In 1998 my husband and I decided to take our two oldest sons and their cousins on a rafting trip down the Colorado River. As we “knew a guy,” we borrowed life vests, rafts, and chose to not hire a guide—after all, who needs a guide? The river only flows one direction. With confidence born of the ignorant and thrifty, we were on our way.

It didn’t take us long to realize the raft our sons were in, was holding air, and our raft was holding water. We bailed and planned to pull to shore as soon as we got through the whitewater, which was directly ahead. A moment later, I was tossed face first into the bottom of the raft. I knew I was drowning. No sooner had that thought entered my mind than I was again tossed with great force in another direction. I tried coming up for air but to my dismay, I realized the raft was now on top of my head and I had been thrown under the raft. I tried to bob, push the raft, move a different way, but each time just hit my head on the raft. I could not breathe. I was beginning to panic.

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After what seemed like an eternity, the raft moved, I was able to breathe, was rescued by a boat filled with European tourists, and made my way to the sandy shore. Everyone was there but my husband. He had been missing as long as I had but was nowhere in sight. Prayers were uttered and we all watched upstream. In just over a minute Randy came floating towards us, very much alive. He had been sucked into a whirlpool, had felt close to blacking out but had instead popped back up to the surface.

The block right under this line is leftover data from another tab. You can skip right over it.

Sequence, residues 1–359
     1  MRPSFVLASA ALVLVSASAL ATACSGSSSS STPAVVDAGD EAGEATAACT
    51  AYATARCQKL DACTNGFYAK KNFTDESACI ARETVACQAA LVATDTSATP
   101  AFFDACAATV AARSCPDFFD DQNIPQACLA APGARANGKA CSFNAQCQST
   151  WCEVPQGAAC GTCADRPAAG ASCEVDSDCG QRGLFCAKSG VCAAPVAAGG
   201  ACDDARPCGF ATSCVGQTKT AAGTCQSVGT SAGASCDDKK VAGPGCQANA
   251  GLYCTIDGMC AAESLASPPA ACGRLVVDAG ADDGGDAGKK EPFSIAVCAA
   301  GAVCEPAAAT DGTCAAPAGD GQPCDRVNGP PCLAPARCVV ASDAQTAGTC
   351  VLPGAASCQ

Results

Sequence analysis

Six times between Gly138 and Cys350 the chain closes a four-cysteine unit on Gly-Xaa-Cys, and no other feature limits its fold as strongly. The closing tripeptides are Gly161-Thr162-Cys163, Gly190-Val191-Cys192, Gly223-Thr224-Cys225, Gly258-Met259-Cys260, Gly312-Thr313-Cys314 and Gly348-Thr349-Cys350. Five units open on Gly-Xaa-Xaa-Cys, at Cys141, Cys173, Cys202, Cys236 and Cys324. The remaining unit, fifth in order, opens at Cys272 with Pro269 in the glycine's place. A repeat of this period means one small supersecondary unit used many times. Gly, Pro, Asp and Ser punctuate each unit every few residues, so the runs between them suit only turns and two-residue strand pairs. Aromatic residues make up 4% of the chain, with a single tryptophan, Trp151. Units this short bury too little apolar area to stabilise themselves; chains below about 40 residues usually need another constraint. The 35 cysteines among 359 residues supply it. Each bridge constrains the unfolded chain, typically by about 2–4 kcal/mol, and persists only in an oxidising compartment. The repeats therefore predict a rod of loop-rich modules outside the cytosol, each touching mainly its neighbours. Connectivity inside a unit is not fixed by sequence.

Later as we processed the day’s events we discovered our sons had made it through the white water without incident. What had been a terrifying experience for us they described as, “exciting.” The difference? They had held on. Although I am embarrassed to admit, much like our not seeing the need to rent rafts, life vests, or hire a guide, we felt trying to paddle around the white water seemed prudent. We were wrong. Sometimes you just need to hold on tight and stay the course.

Occasionally, when we are in the middle of rough water, holding on is the key to mental, physical, spiritual, and emotional, survival. We may feel tossed about by the struggles of our children, things may become really messy, and occasionally it may feel as if we are drowning. But hold on. Don’t let go. Don’t give up. Stay the course. Hold on.

The pictures are from the actual event described above. Professional photographers in the Moab area caught it all on film.

ACCREDITATIONS


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